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Sorcery and swordcraft collide in Cate Glass’ fantasy novel, “An Illusion of Thieves”

Writing under her pseudonym, author Carol Berg introduces the protagonist, her thieving brother and the duelist charged with teaching him the violent art

Carol Berg writes epic, mythic, and adventure fantasy novels under her own name and her pseudonym, Cate Glass. Her 17 published works have won national and international awards, including four Colorado Book Awards and the Mythopoeic Fantasy Award for Adult Literature. Carol is a regular presenter/panelist at writers conferences and fantasy/sf conventions and is a two-time Rocky Mountain Fiction Writers Writer of the Year. She is a former software engineer who majored in math at Rice University and computer science at the University of Colorado to avoid writing papers. She lives in Colorado in the foothills of the Rocky Mountains.

The following is an excerpt from “An Illusion of Thieves.”

UNDERWRITTEN BY

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2020 Colorado Book Awards winner for Science Fiction/Fantasy

Intro:

Born into poverty, and magically gifted in a world where sorcery is a mortal crime, Romy has spent nine years as courtesan to the most powerful man in Cantagna. When her 15-year-old brother is suspected of sorcery, she is cast out by her longtime lover, forced to find a way to get her next meal as well as be responsible for her illiterate, obstinate, and dangerously reckless sibling. After a difficult few months, she thinks she’s found a solution…

“Humph.” The grunting swordsman filled our open doorway. “Your place here—unexpected for the Beggars Ring.”

But for the accuracy of his sentiment, one might easily doubt that Placidio di Vasil’s swollen, seeping eyes could take in the details of any household. The rest of him was no more promising. He reeked of wine and urine. An angry scar creased his face from eye to the clotted rats’ nest of black hair on his chin. Grime and grease disguised the colors of his cheap doublet.

Yet my expectations were not entirely correct, either. First glimpse said he’d run to fat, but the buff jerkin and leather breeches hugged a big frame layered with muscle and sinew. The taverner had called the duelist old man, but not even his unhealthy skin would mark him past five-and-thirty.

“Be welcome, swordmaster.” I motioned him to step inside.

“You’re no lawyer, are you, Romy of Lizard’s Alley?” he asked, lip curled enough to twist the ugly scar. His glance scoured my shelf of pen cases, ink flasks, and stacked parchment.

“Why do you care what I am?” I said, more curious than annoyed.

“’Tis unsafe to have me waving a blade near vermin.”

Truly, many citizens had reasons to be wary of lawyers. “Be at ease. I’m but a lowly scribe,” I said. “And it’s my brother Neri will be your student.”

“Student?”

My brother arrived in our doorway as if his name had summoned him. He scowled at the slovenly man whose height topped his by the length of his forearm.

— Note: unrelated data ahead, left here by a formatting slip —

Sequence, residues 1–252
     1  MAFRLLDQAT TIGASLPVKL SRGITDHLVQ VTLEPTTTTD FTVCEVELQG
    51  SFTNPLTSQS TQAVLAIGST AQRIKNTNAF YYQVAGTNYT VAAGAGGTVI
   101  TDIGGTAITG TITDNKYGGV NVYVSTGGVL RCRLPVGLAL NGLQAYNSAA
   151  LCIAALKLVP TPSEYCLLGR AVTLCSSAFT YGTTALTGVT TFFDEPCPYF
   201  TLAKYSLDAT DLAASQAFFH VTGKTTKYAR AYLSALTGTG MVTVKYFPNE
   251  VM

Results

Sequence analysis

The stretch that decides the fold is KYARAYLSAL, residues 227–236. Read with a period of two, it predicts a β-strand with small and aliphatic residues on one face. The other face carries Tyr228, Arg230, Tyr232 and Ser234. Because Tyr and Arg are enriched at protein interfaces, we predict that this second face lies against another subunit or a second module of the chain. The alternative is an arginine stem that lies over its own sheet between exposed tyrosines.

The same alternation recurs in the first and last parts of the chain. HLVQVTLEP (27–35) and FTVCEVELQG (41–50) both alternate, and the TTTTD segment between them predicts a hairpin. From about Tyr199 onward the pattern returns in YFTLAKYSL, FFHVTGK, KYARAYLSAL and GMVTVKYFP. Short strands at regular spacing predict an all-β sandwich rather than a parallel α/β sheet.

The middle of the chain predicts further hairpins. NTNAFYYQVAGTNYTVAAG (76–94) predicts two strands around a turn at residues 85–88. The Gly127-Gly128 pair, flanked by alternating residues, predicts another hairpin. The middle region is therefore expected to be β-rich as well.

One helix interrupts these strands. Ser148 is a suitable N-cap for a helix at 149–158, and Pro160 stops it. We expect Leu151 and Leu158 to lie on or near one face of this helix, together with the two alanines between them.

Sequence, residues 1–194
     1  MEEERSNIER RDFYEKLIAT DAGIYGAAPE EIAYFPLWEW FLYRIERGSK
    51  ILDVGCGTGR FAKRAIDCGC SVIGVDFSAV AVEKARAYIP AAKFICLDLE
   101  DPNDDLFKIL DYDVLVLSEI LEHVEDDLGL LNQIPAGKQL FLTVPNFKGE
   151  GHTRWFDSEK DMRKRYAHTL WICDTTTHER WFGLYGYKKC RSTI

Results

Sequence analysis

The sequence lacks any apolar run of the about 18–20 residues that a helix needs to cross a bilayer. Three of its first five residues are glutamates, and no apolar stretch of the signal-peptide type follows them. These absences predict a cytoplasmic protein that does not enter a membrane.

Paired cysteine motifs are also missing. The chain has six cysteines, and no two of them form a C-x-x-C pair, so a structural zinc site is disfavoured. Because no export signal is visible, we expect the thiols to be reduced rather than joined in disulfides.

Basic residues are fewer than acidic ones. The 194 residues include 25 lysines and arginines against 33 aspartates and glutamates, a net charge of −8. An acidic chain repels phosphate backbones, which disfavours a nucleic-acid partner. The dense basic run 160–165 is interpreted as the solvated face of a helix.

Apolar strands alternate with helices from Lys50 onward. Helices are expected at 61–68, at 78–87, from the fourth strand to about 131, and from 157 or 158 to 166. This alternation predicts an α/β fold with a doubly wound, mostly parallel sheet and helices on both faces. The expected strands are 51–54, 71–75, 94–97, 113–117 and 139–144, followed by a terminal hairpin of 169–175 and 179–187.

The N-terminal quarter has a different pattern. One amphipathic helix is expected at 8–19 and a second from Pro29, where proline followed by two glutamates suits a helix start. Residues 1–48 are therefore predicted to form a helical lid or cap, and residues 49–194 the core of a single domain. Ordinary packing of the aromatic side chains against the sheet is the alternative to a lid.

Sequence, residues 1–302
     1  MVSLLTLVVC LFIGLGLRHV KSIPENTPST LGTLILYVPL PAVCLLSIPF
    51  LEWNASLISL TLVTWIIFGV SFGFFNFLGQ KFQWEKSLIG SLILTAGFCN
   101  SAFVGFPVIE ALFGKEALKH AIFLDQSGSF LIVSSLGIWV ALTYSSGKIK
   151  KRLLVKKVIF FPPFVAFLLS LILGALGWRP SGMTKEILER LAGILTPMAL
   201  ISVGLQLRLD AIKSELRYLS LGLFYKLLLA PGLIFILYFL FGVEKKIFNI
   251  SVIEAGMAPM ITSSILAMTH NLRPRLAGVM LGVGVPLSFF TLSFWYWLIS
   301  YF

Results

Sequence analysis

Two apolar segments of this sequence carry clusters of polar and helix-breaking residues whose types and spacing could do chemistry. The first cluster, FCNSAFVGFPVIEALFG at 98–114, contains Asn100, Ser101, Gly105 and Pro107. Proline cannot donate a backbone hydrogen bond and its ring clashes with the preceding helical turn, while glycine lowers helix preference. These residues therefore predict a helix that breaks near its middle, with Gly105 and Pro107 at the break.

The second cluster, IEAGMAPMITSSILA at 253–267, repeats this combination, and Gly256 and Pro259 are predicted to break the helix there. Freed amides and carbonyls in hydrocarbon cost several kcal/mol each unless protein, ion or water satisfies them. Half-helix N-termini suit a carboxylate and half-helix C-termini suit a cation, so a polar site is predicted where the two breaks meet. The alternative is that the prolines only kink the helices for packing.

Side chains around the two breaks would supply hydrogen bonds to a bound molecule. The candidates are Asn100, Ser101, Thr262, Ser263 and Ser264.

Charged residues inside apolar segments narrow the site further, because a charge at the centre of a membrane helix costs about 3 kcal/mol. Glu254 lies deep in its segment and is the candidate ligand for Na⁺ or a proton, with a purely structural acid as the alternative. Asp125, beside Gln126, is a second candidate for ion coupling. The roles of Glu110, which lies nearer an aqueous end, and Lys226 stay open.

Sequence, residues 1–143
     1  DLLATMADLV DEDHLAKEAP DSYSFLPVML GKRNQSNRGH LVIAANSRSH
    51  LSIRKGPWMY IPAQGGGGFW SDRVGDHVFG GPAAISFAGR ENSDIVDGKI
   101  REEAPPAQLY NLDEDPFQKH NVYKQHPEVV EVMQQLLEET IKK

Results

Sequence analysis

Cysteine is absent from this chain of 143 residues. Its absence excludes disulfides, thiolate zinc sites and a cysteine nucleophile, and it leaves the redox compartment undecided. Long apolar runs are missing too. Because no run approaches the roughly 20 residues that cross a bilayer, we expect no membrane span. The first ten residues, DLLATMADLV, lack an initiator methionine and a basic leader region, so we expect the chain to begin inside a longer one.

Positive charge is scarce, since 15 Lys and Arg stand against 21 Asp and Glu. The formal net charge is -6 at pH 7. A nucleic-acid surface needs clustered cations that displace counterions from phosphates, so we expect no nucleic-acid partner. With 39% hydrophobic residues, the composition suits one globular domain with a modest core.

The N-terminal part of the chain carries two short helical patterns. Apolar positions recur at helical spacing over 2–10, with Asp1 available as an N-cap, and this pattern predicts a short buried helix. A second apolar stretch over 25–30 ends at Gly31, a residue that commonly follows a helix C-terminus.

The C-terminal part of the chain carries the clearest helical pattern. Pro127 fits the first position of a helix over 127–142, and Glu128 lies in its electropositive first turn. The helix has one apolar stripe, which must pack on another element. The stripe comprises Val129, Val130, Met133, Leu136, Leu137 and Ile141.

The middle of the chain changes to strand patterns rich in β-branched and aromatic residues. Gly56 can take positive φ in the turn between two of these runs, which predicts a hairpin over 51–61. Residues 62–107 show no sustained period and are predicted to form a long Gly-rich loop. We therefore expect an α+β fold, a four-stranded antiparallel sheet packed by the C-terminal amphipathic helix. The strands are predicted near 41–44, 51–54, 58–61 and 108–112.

Neri set a stack of clean parchment on the table. “I know how to swill wine well enough.”

“Segno di Vasil  comes recommended, little brother. Supposedly he teaches better than he washes. We’ll hope.”

Carol Berg (writing as Cate Glass)

My jab slid off the man, whose bleared eyes took Neri’s measure in turn. Neri fretted that he’d not yet reached even my height.

“A scrapper, are you, boy? Mostly fists and feet, and lose more’n you win, I’m guessing. But you’ve a new blade at your belt.” The swordmaster extended a scarred hand that could enclose an infant’s head entire. “Let me see it.”

“I do all right.” Neri glared at me and clamped his hand on the metal bound sheath that housed his new dagger. “Don’t need a new teacher, Romy. This’n looks more like to steal the blade than to know what’s to do with it.”

I jerked my head sharply in the direction of the duelist. “Show him.”

Only an idiot would leave her fool of a brother at the mercy of a drunkard swordmaster half again his size and infinitely more skilled, but I also had hours of copying to do before the next morning. I needed to get a sense of the swordsman quickly and, if he seemed promising, see their first lesson done.

Grudging, Neri passed over the dagger. Placidio examined the grip, quillions, edge, and point as a physician explores skulls, tongues, and urine.

“Well chosen,” he conceded. “A good length. But what need has a Beggars Ring boy for a new blade and finer skills? Have you acquired a new enemy? ’Twould likely be cheaper to hire me to fight than pay me to train a hothead to skewer a dunderwit.”

“You don’t look a man who could teach anything fine,” snapped Neri, his forehead scarlet.

The duelist rolled his eyes at me as if to say, You see? So, the fellow’s perceptions were not entirely dulled.

“He has no particular enemy,” I said, as Neri smoldered. “But the world is hard and dangerous. We’ve recently lost our father, and my brother approaches his majority. Experience has taught me great appreciation of the sword’s discipline. I thought perhaps a swordmaster could impart something of that discipline to my brother, though doubts gather about you along with the flies.”